A launch of the new Taylor & Francis digital resource Secret Files from World Wars to Cold War took place at the Australian National Maritime Museum in Sydney’s Darling Harbour on February 16.
Thirty leading academics and librarians from Australian and New Zealand universities boarded HMAS Vampire to listen to RMIT professor and media personality, Joseph M. Siracusa. Siracusa, Professor of Human Security and International Diplomacy, explained how this new resource provides a ground breaking revolution in historical study for students and researchers of history and international relations worldwide.
Secret intelligence has long been regarded as the ‘missing dimension’ of British international relations. An almost mystical source, kept deliberately hidden by government. This veil has left historians to recognize in military and foreign policy decisions the influence of what is termed the known unknowns, but without any definite evidence of what those unknowns were.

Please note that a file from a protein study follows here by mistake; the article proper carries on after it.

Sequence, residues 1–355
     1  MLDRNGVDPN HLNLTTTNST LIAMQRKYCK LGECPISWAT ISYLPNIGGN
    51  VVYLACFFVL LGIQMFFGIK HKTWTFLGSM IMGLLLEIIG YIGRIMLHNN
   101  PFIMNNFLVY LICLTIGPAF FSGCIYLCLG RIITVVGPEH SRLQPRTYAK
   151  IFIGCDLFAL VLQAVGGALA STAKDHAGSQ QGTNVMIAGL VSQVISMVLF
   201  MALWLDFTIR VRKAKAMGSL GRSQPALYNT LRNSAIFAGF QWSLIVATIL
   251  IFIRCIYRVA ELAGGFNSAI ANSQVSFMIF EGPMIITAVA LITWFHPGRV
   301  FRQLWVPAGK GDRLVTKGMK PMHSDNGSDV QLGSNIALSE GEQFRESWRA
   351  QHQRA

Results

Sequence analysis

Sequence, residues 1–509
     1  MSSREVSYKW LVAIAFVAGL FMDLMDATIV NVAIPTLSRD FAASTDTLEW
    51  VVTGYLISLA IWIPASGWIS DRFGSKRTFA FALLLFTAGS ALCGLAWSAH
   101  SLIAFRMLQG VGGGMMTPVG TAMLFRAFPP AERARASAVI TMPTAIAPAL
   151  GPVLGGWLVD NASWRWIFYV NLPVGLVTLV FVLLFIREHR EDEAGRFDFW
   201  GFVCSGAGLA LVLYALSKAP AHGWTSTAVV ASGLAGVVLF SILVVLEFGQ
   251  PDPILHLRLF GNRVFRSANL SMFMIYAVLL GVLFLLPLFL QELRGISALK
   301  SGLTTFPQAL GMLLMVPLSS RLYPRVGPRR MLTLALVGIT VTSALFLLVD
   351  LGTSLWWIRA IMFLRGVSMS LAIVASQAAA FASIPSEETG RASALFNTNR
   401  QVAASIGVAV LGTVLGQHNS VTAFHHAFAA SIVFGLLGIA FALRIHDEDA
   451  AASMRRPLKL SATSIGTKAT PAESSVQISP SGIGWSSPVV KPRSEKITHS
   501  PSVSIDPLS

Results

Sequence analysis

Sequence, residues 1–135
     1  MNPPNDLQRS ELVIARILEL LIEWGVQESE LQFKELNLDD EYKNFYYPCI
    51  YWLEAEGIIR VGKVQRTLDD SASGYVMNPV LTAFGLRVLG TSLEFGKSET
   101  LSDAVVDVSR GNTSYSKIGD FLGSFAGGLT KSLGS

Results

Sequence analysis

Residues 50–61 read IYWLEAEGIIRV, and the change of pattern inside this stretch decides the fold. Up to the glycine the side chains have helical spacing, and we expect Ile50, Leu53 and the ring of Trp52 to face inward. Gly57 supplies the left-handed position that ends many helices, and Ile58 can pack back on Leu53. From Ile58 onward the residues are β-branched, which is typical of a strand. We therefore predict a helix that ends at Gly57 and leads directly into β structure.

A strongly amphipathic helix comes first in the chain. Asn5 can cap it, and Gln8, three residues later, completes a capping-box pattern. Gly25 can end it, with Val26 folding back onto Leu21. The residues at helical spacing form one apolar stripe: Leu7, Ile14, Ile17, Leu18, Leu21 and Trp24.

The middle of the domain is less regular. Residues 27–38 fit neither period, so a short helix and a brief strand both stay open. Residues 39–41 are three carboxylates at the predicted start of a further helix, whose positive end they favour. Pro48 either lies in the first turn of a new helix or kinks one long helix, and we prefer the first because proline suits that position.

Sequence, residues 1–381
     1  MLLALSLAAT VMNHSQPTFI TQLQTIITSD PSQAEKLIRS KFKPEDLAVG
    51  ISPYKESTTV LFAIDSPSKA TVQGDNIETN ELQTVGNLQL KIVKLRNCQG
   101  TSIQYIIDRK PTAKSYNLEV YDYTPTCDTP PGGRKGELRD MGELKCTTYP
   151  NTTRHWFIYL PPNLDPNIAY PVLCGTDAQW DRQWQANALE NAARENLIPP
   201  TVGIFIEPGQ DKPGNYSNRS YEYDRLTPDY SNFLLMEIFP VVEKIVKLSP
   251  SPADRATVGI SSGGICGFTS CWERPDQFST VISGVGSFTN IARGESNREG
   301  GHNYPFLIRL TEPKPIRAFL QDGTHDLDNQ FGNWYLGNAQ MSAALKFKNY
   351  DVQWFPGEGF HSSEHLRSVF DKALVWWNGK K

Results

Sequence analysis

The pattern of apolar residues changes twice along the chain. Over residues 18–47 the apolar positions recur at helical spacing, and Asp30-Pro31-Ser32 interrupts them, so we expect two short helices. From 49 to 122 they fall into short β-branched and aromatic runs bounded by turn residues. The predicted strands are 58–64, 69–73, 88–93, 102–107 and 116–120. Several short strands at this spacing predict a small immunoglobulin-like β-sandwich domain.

Secret Files from World Wars to Cold War now reveals what was hidden, providing researchers and students access to 144,000 pages of British government secret intelligence and foreign policy files dating from 1873 to 1953. Advanced search functionality enables users to carry out in-depth investigation of the optical character recognized documents from their desk. No expensive trip to the National Archives, the only other place where you can see the documents, is required.
Institutions across the world are now beginning to explore the resource and are discovering its potential for new areas of research, and the real possibility of making new discoveries that could re-frame understanding of this highly significant period in twentieth-century history.
Kim Brooking, Senior Sales Manager for Australasia, commented “it was a very special evening which was thoroughly enjoyed by all; we couldn’t have wished for a better outcome. We are already receiving trial requests from the institutions who were represented at the event”.